What is your focus activity? What do you do to find clarity and calm? Let me know and comment.
Posted on 24 March 2009 by Carl
I have been a sluggish adopter of Twitter. While I had an account for quite a long time the notion to use Twitter in a productive, conversational and outreach manner wasn’t there.
Why would you use Twitter to post up useful bits of information about your day? Let’s see what that looks like:
Let’s not do that.
The more I reach out into the Twittersphere and connect with other like-minded individuals the more resources I have at my disposal. Some of my favorite bloggers are on Twitter (Chris Guillebeau, Clay Collins, Problogger) and I enjoy reading what they read and I’ve managed to find other excellent bloggers through them in this way.
Throughout the day I get a feed of interesting links that some of the most creative and off-the-wall people are reading or looking at. I re-tweet (lingo for repost) the ones I find useful or inspirational in hopes that others I am connected to can find something valuable as well.
So, you should follow me on Twitter. If you don’t use Twitter, I don’t necessarily advocate starting unless you are going to get involved with it. It is easy to over-reach in the social networking world and if you can’t keep on top of your Facebook or even your e-mail, twitter might not be for you.
Posted on 20 March 2009 by Carl
One of the things I’ve had in the past few years is a variety of personal setbacks or struggles which most people are amazed at. (This is in context of being from a 1st world country and not having the hardships of war, extreme poverty, famine, etc.)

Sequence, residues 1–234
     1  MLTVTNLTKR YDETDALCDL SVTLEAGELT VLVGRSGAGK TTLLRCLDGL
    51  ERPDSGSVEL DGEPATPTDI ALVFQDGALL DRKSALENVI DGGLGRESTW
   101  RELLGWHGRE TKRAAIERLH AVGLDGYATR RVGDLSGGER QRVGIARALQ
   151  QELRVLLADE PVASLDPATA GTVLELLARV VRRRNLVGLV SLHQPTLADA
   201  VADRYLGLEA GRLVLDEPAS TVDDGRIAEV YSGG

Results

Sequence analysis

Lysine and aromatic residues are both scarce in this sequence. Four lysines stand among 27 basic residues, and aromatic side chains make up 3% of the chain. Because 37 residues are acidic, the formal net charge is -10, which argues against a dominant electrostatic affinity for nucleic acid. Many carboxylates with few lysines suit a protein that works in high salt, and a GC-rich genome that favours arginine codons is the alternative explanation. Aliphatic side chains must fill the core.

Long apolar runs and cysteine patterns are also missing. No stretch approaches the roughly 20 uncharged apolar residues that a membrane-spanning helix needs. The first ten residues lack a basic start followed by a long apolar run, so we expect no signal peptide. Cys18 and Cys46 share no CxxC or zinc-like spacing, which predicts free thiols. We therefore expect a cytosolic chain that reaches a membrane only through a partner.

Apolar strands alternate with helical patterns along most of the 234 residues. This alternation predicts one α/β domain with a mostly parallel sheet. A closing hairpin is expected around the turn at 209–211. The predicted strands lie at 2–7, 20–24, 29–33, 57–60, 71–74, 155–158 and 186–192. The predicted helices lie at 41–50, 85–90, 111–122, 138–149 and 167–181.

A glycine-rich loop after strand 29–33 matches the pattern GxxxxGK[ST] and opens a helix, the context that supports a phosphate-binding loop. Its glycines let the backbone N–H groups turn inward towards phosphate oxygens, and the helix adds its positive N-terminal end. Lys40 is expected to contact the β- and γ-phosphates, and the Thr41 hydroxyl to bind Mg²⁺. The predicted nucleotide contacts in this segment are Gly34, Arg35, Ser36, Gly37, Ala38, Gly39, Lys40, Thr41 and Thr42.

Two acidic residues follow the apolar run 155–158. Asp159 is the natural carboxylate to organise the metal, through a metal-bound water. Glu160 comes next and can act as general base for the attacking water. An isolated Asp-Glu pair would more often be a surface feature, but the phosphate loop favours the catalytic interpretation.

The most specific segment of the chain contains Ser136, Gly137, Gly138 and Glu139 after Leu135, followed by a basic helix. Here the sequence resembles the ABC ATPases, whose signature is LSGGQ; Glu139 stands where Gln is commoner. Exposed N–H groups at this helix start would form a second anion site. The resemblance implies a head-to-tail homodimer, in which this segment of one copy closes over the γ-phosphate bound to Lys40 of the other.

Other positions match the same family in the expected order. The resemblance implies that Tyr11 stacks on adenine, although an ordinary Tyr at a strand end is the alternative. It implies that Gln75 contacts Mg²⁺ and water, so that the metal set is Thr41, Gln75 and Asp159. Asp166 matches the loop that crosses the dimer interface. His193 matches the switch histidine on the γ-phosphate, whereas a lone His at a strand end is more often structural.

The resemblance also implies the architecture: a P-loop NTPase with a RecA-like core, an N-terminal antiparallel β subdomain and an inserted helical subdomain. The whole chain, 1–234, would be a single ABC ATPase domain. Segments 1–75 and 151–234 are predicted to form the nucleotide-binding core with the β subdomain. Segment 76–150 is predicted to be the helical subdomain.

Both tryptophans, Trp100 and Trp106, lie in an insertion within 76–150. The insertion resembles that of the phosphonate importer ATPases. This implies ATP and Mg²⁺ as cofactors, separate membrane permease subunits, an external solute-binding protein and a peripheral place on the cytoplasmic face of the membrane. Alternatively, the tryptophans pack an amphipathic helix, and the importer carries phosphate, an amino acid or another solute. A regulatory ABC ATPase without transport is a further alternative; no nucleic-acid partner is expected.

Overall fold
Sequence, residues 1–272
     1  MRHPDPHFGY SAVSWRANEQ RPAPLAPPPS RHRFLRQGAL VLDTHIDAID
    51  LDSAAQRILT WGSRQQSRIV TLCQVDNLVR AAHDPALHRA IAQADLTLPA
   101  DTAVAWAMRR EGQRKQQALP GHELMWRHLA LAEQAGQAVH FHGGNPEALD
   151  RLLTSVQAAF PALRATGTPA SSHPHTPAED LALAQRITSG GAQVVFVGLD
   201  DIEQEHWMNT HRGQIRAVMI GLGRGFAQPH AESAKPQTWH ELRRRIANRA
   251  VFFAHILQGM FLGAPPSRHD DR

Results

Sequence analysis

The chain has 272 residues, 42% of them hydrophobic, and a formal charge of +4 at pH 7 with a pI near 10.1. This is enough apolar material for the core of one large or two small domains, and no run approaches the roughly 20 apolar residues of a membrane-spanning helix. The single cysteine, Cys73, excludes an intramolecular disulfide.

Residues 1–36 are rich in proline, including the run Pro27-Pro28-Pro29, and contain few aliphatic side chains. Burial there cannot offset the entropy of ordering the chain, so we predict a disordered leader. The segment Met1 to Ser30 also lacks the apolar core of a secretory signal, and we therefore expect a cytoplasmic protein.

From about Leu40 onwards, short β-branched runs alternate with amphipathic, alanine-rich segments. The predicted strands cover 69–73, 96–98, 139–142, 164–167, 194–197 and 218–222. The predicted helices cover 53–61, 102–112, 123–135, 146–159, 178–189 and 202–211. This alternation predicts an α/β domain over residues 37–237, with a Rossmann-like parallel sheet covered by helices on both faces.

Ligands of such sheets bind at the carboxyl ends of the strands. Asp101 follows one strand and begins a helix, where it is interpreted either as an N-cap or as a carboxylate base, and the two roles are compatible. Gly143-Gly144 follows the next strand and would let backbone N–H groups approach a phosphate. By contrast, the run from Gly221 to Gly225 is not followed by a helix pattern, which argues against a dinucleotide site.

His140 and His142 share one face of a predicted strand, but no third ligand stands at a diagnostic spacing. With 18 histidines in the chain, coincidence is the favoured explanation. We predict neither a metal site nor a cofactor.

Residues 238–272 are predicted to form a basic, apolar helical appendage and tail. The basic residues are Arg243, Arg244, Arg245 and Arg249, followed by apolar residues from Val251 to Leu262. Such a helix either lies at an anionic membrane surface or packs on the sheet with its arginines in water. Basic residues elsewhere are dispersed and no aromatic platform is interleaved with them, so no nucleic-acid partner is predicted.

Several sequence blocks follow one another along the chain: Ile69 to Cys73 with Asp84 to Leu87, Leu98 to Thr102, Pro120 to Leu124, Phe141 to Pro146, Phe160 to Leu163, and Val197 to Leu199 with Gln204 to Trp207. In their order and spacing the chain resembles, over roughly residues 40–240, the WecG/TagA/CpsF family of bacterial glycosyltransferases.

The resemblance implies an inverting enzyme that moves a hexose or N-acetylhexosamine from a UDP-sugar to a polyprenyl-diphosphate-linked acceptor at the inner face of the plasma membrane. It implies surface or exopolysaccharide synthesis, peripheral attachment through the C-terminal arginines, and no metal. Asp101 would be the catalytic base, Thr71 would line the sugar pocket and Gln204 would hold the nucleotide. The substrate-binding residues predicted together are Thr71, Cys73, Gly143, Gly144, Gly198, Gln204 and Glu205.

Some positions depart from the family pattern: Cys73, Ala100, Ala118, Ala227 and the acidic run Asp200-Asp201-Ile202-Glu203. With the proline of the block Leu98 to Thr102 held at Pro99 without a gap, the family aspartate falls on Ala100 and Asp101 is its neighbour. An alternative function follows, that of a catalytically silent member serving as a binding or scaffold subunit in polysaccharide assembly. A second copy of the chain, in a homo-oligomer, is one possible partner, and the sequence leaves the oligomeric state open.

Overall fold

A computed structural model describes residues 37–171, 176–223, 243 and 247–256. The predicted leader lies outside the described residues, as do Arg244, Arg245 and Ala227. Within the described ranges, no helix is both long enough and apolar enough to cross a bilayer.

I’ve been excluded (for a year) from the country I called home where my entire life revolved.
I’ve moved to the biggest city in the U.S. without a job or place to live and found work within two days.
I’ve had more relationship difficulties than I would care to expound upon (people have said it would make a decent hollywood movie).
Despite all of this I’ve turned this into one of the most productive and creative periods in my life. I take setbacks relatively lightly and consider most of my struggles and difficulties ahead as a learning experience.
How have I managed all of this? Here are some things I keep in mind.
When you smile there are actual reactions which will improve your mood. Your body is wired in a particular way that when you smile you’ll often feel happier. So when they’re out of your favorite ice cream smile and try something else instead.
In my opinion even better than smiling. When the world hands me a downpour and I’m out for a walk I’ll probably laugh rather than cringe and run for cover. When my luggage doesn’t show up or my bicycle gets stolen I’ll often chuckle or laugh at the sheer nonsensical nature of things. It takes the weight of the situation off.